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[327] vehement, and energetic, as had ever been known. Her drawn battle of the year before, and the perfect accord in this contest of the anti-Republican parties, gave grounds for hope, if not confidence, that she might now be carried against Lincoln, especially as the City was expected to give a far larger majority for “Fusion” than she had ever yet given for any man or party. Abundance of money for every purpose doubtless contributed to the animation of the struggle on this side, while painful apprehensions of Southern revolt, in case Lincoln should be elected, rendered the “merchant princes,” whose wealth was largely, if not wholly, locked up in the shape of Southern indebtedness, ready to bleed freely for even a hope of preventing a result they so dreaded as fatal to their business, their prosperity, and their affluence.

Gov. Seward--who had made a political tour through the North-West during the Autumn, wherein his speeches in behalf of the Republican cause and candidates were of a remarkably high order, alike in originality, dignity, and perspicuity — closed the canvass, the night before Election, in an address to his townsmen at Auburn, which concluded with these truthful and memorable words:

Now here is the trinity in unity and unity in trinity of the political church, just now come to us by the light of a new revelation, and christened “Fusion.” And this “Fusion” party, what is the motive to which it appeals? You may go with me into the streets to-night, and follow the “Little Giants,” who go with their torchlights, and their flaunting banners of “Popular Sovereignty;” or you may go with the smaller and more select and modest band, who go for Breckinridge and Slavery; or you may follow the music of the clanging bells; and, strange to say, they will all bring you into one common chamber. When you get there, you will hear only this emotion of the human heart appealed to, Fear,--fear that, if you elect a President of the United States according to the Constitution and the laws to-morrow, you will wake up next day, and find that you have no country for him to preside over! Is not that a strange motive for an American patriot to appeal to? And, in that same hall, amid the jargon of three discordant members of the “Fusion” party, you will hear one argument; and that argument is, that, so sure as you are so perverse as to cast your vote singly, lawfully, honestly, as you ought to do, for one candidate for the Presidency, instead of scattering it among three candidates, so that no President may be elected, this Union shall come down over your heads, involving you and us in a common ruin!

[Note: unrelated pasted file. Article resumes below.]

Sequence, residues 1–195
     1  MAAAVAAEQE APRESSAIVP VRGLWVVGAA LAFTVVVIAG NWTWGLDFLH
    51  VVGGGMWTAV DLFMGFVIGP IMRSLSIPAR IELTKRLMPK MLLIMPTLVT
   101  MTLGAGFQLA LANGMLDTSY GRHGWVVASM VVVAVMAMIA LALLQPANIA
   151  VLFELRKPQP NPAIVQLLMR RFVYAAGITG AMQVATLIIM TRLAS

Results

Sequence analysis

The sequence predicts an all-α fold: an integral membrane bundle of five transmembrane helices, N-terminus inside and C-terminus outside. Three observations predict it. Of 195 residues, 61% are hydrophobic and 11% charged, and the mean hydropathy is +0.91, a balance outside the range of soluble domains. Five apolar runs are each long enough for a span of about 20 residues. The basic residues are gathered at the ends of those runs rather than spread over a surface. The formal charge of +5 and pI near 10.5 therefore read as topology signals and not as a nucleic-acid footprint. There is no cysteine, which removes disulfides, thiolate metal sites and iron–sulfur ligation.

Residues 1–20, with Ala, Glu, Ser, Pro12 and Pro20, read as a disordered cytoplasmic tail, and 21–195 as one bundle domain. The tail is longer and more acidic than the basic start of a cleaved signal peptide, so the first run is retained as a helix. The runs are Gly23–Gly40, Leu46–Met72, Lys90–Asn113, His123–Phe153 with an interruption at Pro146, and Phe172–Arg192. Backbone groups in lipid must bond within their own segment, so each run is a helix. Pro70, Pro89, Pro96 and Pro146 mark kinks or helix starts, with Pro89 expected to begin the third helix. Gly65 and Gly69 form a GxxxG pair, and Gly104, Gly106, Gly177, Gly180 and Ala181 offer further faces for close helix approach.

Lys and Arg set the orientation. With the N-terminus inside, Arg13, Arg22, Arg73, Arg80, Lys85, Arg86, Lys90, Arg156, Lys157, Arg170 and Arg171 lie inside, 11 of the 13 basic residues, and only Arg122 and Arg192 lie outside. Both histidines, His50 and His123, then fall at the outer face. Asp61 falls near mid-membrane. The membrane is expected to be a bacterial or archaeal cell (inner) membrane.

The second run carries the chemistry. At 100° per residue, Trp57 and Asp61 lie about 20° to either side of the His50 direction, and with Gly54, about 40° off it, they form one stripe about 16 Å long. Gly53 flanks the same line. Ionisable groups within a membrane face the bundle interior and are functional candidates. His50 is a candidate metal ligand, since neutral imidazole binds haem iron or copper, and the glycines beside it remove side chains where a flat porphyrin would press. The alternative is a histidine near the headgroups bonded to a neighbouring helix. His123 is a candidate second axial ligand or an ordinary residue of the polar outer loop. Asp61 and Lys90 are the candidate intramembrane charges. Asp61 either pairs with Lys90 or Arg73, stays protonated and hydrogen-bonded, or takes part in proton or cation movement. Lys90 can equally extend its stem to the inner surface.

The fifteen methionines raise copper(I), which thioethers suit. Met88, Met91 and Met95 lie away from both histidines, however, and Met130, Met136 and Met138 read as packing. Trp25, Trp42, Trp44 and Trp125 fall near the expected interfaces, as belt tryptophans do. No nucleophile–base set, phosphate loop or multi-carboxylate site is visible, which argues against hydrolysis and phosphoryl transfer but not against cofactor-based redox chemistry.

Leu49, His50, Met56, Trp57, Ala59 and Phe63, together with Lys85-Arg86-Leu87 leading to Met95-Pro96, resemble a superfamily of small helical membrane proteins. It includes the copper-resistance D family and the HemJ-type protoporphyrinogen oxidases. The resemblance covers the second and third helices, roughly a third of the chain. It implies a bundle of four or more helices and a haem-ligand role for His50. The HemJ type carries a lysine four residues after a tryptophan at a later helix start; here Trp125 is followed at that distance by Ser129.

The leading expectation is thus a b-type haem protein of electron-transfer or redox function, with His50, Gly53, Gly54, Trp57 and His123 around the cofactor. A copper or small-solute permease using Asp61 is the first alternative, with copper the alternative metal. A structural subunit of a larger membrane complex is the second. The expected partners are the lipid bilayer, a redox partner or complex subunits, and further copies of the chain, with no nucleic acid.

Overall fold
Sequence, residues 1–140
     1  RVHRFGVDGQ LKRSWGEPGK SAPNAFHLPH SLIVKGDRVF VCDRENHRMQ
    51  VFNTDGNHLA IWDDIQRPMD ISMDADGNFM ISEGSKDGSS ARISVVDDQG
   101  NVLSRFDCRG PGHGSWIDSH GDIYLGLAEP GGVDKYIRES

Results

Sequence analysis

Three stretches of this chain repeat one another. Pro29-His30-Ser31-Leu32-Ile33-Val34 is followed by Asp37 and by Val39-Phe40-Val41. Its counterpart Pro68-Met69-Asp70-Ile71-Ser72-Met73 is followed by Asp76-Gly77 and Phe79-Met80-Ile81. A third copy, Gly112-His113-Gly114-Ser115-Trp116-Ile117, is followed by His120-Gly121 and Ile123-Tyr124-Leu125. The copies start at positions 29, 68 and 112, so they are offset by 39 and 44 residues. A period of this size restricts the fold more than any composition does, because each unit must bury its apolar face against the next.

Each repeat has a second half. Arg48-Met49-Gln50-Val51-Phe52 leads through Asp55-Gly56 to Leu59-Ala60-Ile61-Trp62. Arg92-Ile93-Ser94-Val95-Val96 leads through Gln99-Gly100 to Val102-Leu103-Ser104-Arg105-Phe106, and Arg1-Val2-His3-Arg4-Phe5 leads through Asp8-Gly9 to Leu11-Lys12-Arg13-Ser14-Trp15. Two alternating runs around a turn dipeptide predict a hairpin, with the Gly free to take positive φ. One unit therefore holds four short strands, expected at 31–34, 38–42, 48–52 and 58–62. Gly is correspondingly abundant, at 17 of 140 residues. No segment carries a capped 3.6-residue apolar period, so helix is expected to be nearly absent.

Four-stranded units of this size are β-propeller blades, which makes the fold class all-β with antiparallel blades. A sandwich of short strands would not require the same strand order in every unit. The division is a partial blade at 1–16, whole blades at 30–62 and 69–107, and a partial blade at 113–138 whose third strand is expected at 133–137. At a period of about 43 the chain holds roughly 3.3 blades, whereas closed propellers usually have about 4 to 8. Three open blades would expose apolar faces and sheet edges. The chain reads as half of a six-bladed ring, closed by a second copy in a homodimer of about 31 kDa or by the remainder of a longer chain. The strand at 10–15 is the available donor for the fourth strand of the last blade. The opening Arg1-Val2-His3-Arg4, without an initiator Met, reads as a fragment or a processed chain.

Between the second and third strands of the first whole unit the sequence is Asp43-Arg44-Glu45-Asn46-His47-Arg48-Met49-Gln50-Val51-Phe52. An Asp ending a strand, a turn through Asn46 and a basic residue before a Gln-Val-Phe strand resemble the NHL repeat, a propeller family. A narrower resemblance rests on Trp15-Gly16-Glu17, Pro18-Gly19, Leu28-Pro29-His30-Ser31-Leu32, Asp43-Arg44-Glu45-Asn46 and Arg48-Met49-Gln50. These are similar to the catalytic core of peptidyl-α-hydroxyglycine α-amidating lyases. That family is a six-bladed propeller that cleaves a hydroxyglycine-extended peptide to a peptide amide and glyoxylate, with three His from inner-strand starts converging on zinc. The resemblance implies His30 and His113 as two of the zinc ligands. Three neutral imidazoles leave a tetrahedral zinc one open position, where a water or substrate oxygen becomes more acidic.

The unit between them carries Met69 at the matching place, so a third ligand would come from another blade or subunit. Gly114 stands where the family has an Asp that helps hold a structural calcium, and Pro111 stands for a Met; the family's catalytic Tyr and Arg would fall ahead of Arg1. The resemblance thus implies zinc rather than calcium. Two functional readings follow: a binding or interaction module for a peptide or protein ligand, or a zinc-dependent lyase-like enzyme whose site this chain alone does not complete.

Fellow-citizens, it is time, high time, that we know whether this is a Constitutional government under which we live. It is high time that we know, since the Union is threatened, who are its friends, and who are its enemies. The Republican party, who propose, in the old, appointed, constitutional way, to choose a President, are every man of them loyal to the Union. The disloyalists, wherever they may be, are those who are opposed to the Republican party, and attempt to prevent the election of a President. I know that our good and esteemed neighbors--(Heaven knows I have cause to respect, and esteem, and honor, and love them, as I do; for such neighbors as even my Democratic neighbors, no other man ever had)--I know that they do not avow; nor do they mean to support, or think they are supporting, disunionists. But I tell them, that he who proposes to lay hold of the pillars of the Union, and bring it down into ruin, is a disunionist; and that every man who quotes him, and uses his threats and his menaces as an argument against our exercise of our duty, is an abettor, unconscious though he may be, of disunion; and that, when to-morrow's sun shall have set, and the next morning's sun shall have risen on the American people, rejoicing in the election of Abraham Lincoln to the Presidency, those men who to-day sympathize with, uphold, support, and excuse the disunionists, will have to make a sudden choice, and choose whether, in the language of the Senator from Georgia, they will go for treason, and so make it respectable, or whether they will go with us for Freedom, for the Constitution, and for eternal Union.

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